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Brain Injury Awareness Month: Concussion Injuries in Children — Part I

March 12th, 2019

The Brain Injury Association of America recognizes March as Brain Injury Awareness Month.

For this, Henson Fuerst presents a two-part series on how parents can care for concussion injuries in children. In this portion, we identify common symptoms—and how parents can care for their children.

About Concussions in Children

The Centers for Disease Control and Prevention (CDC) Discharge Instructions for Childhood TBI defines a concussion as “a type of traumatic brain injury from a bump, blow, or jolt to the head or body.” They go on to specify a concussion will cause at least one of the following:

  • The brain to move quickly or sharply back-and-forth within the skull
  • The brain to bounce or twist in the skull from any sudden movement
  • Chemical changes in the brain that may stretch or damage brain cells

Concussion Symptoms

While some symptoms of a concussion may appear right away, others could take hours or days to manifest after the initial injury. Physical and cognitive symptoms include:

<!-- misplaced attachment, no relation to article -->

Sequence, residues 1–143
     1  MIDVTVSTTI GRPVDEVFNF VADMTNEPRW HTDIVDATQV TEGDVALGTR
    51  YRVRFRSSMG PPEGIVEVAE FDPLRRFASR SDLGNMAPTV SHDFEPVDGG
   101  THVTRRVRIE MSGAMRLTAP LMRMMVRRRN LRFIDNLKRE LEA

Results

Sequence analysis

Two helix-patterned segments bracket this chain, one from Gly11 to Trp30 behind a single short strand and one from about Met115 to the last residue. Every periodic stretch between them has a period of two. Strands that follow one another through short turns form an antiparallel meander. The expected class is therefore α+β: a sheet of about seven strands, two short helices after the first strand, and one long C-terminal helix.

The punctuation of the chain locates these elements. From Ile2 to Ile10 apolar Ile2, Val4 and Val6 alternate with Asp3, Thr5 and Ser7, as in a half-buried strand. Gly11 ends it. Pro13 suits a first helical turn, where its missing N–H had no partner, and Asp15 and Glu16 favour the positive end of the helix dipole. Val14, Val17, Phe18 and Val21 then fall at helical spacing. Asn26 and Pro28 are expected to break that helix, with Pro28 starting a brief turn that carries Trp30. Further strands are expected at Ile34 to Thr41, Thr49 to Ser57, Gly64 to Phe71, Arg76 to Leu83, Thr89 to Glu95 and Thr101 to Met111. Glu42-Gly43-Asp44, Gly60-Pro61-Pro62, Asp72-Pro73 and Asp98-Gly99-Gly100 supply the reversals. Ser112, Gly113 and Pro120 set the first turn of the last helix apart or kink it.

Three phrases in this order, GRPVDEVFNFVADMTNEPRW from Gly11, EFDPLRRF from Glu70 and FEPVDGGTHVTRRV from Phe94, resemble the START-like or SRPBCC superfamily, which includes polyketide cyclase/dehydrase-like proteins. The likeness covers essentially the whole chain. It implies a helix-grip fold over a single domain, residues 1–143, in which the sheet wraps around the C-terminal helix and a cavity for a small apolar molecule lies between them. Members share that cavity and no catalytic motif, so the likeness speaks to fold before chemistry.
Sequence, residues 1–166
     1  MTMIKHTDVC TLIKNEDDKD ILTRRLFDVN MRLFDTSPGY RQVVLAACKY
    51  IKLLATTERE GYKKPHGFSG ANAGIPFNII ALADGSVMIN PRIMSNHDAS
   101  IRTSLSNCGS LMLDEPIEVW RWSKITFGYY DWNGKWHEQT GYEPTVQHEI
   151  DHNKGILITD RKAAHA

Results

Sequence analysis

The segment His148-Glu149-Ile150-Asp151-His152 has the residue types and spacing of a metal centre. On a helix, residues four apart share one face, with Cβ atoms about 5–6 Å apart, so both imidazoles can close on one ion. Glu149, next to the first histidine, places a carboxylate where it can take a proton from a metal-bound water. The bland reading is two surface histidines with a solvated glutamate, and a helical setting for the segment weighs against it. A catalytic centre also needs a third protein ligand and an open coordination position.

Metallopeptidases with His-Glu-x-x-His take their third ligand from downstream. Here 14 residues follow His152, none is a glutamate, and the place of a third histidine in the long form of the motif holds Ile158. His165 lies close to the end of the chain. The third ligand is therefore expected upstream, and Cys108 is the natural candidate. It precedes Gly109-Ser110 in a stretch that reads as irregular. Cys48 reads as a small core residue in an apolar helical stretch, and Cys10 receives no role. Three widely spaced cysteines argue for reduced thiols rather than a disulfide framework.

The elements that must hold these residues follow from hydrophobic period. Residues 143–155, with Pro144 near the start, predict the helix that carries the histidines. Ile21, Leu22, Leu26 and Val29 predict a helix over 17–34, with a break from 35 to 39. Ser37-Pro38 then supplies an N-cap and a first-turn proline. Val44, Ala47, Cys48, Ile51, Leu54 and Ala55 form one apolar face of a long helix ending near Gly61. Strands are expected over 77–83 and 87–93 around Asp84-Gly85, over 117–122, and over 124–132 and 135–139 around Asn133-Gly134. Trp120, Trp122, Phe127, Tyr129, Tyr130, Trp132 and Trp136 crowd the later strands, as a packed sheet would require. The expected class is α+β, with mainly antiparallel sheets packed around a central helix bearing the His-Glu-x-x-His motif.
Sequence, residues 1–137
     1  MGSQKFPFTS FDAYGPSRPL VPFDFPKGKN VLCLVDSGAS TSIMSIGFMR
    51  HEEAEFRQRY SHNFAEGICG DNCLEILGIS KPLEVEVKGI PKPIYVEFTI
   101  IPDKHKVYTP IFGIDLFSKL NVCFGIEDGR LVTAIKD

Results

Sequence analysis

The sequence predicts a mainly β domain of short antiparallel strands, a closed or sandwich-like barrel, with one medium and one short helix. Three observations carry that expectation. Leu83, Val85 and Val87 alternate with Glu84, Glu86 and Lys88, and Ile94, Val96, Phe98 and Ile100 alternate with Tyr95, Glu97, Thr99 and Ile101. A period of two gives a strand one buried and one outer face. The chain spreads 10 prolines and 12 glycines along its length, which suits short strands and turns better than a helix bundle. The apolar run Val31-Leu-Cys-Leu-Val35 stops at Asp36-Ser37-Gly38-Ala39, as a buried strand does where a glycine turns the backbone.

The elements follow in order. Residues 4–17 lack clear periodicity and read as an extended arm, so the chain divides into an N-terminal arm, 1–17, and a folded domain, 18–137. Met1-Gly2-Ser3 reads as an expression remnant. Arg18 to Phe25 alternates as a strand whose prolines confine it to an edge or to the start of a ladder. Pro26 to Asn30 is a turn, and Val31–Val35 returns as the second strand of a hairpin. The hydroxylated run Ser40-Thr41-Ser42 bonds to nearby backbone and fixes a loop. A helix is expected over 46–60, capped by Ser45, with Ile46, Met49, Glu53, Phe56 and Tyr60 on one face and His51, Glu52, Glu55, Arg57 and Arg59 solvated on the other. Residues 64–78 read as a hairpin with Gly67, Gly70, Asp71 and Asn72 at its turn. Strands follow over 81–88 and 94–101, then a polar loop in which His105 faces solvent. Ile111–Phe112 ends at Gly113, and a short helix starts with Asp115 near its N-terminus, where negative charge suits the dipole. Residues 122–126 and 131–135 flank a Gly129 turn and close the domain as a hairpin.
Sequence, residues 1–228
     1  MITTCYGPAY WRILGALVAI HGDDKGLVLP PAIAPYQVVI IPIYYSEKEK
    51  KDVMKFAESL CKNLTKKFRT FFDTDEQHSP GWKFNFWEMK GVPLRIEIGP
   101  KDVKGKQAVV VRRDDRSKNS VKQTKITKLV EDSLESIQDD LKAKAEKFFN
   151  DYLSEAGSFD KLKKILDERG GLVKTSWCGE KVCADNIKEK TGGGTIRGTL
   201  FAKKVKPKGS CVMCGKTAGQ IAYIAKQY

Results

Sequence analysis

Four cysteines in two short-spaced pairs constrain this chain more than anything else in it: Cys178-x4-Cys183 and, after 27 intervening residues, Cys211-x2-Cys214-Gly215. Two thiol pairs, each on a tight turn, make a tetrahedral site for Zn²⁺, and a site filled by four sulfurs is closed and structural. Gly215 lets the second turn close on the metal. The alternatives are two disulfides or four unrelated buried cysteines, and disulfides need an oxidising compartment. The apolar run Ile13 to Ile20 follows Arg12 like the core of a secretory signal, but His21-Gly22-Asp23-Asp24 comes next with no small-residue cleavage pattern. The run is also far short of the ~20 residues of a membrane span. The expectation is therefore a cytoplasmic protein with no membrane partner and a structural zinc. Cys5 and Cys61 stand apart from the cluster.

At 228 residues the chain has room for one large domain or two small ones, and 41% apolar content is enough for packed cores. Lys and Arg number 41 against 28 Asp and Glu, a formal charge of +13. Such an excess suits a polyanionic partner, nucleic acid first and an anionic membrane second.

• Problems with light or noise
  • Problems with dizziness, vision, or balance
  • Feeling tired or without energy
  • Headaches, nausea, or vomiting
  • Problems with attention or concentration
  • Feeling slowed down, foggy, or groggy
  • Problems with memory
  • Problems with clear thinking

Helping Your Child Feel Better

Immediately after injury, symptoms are most severe. Limit your child’s physical and cognitive activities and see a doctor. Once your child begins to feel better and is cleared by a doctor, they can return to non-strenuous activities. Once symptoms are nearly gone, they can resume most regular activities. Ask your child’s doctor which prescription or over-the-counter medications can alleviate symptoms.

A Personal Connection

In recognition of his work with victims of traumatic brain injury, our own Thomas Henson has recently been reappointed to serve another term on the Board of Directors for the Brain Injury Association of North Carolina (BIANC). BIANC provides resources on prevention, support, education, and advocacy to benefit those recovering from Traumatic Brain Injury (TBI).

We Can Help

If you or a loved one has suffered a traumatic brain injury in an accident through no fault of your own, call the experienced North Carolina Traumatic Brain Injury Attorneys at Henson Fuerst today at 919-781-1107 or complete a free initial consultation form.

When you call, you will speak with one of our experienced Raleigh Serious Injury Lawyers. They will investigate every detail of your situation at no cost to you—and fight hard to protect your rights. At Henson Fuerst, you will never pay an attorney’s fee up front—and you owe us nothing unless we recover for you.

Call Henson Fuerst, Because Your Case Matters